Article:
From Academic Kids

A wand consists of a thin, straight, hand-held stick of wood, ivory, or metal, approximately 30 cm (a foot) long and up to 25 mm (an inch) in circumference. Generally, wands have associations with magic, but the term sometimes applies to a conductor's baton.

The wand is also a pre-Norman unit of length used in the British Isles equal to approximatelt the modern metre. The 'wand' survived for a time under the Normans. Then when the yard was established, the wand came to be known as the 'yard and the hand', and then disappeared, either slowly or by being banned by law.

The old English unit of 1007 millimetres was called a 'wand', and although the 'yard' was created to replace the wand the wand was still used for some centuries because of its convenience as part of an old English decimal system that included:

10 digits (base of long finger) about 20 millimetres 10 digits = 1 small span (span of thumb and forefinger) 200 millimetres 10 small spans = 1 armstretch (1 fathom from finger tip to finger tip) about 2 metres 10 fathoms = 1 chain about 20 metres 10 chains = 1 furlong about 200 metres 10 furlongs = 1 thus-hund of about 2000 metres

The wand that has survived today as part of folklore may in fact be a rendition of the ancient British length unit. Thus a true wand would be a metre in length and not 30 cm.



In ecclesiastical and formal government ceremonial, special officials may carry wands or staves of office representing their power. Compare in this context the function of the ceremonial mace, the sceptre, and the staff of office.

Freudians would suggest that wands may express phallic symbolism of domination.

Wicca and Witchcraft

In Wicca and modern-day witchcraft, practitioners use wands for the channeling of energy—they serve a similar purpose to the athame. Though traditionally made of wood, they can also consist of metal or crystal. Practitioners usually get a stick from a tree, or even buy wood from a hardware store, and then carve it and add decorations to personalise it; however, one can also purchase ready-made wands.

Wands in fiction

Magic wands commonly feature in works of fantasy fiction as spell-casting tools. Few other common denominators exist, so the capabilities of wands vary wildly. Note that wands fill basically the same role as wizards' staffs, though staffs generally convey a more 'serious' image; a fairy godmother would definitely use a wand, possibly with a star on the end, while Gandalf as surely would not. In dramatic fiction, wands can serve as weapons in magical duels.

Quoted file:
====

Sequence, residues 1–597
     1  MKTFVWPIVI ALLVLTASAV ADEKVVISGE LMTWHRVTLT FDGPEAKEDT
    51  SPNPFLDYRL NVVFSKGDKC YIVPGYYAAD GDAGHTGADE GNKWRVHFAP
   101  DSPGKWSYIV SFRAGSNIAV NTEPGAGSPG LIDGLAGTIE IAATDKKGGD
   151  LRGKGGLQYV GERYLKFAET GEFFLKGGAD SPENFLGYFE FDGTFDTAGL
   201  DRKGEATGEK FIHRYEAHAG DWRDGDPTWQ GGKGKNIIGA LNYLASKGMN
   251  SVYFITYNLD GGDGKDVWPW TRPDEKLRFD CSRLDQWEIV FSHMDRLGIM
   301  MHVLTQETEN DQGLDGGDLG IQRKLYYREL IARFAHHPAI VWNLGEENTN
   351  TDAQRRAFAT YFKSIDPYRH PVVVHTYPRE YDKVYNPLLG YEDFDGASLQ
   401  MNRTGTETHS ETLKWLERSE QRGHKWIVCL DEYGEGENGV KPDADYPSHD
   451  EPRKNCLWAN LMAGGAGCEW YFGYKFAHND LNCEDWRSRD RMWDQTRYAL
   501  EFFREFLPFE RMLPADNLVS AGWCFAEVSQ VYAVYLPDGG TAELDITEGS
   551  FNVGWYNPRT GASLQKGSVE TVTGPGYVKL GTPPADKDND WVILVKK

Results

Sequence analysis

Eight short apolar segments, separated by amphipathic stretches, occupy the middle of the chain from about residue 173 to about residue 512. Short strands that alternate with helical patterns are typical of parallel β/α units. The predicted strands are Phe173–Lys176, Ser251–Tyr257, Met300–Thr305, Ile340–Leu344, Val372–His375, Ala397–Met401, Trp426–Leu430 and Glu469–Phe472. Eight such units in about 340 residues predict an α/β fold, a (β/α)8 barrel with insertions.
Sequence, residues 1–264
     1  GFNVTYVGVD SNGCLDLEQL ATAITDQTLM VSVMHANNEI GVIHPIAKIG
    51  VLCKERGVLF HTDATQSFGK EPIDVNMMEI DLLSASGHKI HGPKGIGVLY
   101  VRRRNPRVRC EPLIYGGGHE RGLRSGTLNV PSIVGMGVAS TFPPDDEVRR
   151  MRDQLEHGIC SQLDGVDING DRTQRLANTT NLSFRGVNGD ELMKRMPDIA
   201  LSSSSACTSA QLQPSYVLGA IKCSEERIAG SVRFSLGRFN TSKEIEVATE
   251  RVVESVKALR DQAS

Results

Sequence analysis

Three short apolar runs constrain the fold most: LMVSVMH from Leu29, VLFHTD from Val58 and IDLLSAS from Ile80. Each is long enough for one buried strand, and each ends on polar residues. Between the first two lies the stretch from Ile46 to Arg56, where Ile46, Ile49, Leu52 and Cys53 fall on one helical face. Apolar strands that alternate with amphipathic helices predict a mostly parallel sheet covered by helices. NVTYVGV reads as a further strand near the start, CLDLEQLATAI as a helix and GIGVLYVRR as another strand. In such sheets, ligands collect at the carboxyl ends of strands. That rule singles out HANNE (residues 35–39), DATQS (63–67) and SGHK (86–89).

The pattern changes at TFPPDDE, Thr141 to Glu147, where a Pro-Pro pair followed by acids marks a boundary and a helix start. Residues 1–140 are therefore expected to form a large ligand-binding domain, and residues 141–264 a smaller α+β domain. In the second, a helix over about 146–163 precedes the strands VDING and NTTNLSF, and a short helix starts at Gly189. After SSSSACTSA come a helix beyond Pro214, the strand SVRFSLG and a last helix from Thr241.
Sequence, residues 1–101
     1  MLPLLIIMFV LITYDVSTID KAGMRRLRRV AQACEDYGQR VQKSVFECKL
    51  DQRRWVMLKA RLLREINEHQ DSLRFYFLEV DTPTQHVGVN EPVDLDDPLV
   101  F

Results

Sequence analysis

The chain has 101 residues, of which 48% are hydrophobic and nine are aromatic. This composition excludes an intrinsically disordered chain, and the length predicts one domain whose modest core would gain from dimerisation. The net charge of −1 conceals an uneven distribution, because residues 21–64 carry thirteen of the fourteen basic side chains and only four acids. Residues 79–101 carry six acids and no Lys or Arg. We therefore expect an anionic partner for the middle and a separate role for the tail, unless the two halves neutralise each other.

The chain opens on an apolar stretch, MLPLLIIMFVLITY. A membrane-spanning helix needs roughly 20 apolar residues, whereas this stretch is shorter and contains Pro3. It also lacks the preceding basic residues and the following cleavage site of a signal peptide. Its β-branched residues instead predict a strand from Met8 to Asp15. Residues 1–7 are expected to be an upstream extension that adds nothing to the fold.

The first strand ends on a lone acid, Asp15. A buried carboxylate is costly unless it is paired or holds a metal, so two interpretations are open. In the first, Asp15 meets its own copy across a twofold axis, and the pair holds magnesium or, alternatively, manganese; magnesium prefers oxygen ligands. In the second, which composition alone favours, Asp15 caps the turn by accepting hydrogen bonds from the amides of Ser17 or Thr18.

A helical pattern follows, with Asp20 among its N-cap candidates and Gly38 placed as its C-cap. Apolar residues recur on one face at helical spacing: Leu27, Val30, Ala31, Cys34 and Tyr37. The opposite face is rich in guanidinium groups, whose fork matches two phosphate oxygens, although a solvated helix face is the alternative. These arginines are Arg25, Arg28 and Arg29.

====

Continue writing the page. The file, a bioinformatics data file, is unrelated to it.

The world of Harry Potter

Main article: Harry Potter Wands

In the fictional world of Harry Potter, as described by J. K. Rowling, wands serve as a focusing tool that enhance a person's capabilities to use magic. Most spells require a wand. The wand shop in Diagon Alley, Ollivander's, sells wands.

Wands have four main characteristics:

  • the type of wood used in their manufacture
  • the magical substance that gives them their magical properties
  • the specific quality of motion when waved
  • the length

No two wands have identical characteristics, and Mr. Ollivander says he remembers every wand he has ever sold.

Some Potterworld wands:

Only humans (or part-humans—as in the cases of Fleur Delacour and Hagrid) may use wands.

Role-playing and video games

In role-playing games such as Dungeons & Dragons and D&D-derived computer role-playing games such as NetHack, wands function as storage devices for specific magical spells, which a wielder can only use a certain number of times before running out of "charges". Wands allow non-wizard player characters to use spells, and also enable wizards to use spells they couldn't ordinarily cast.

Wands also feature in a number of other fantasy video games, such as The Legend of Zelda: A Link to the Past, in which they usually serve as one of many weapons available to the player's character.

Wands sometimes don't have any meaningful purpose or effect on gameplay, but are just parts of the story, as in Puyo Pop Fever, where Miss Accord, a character of the game, has lost her wand that she calls her "flying cane."


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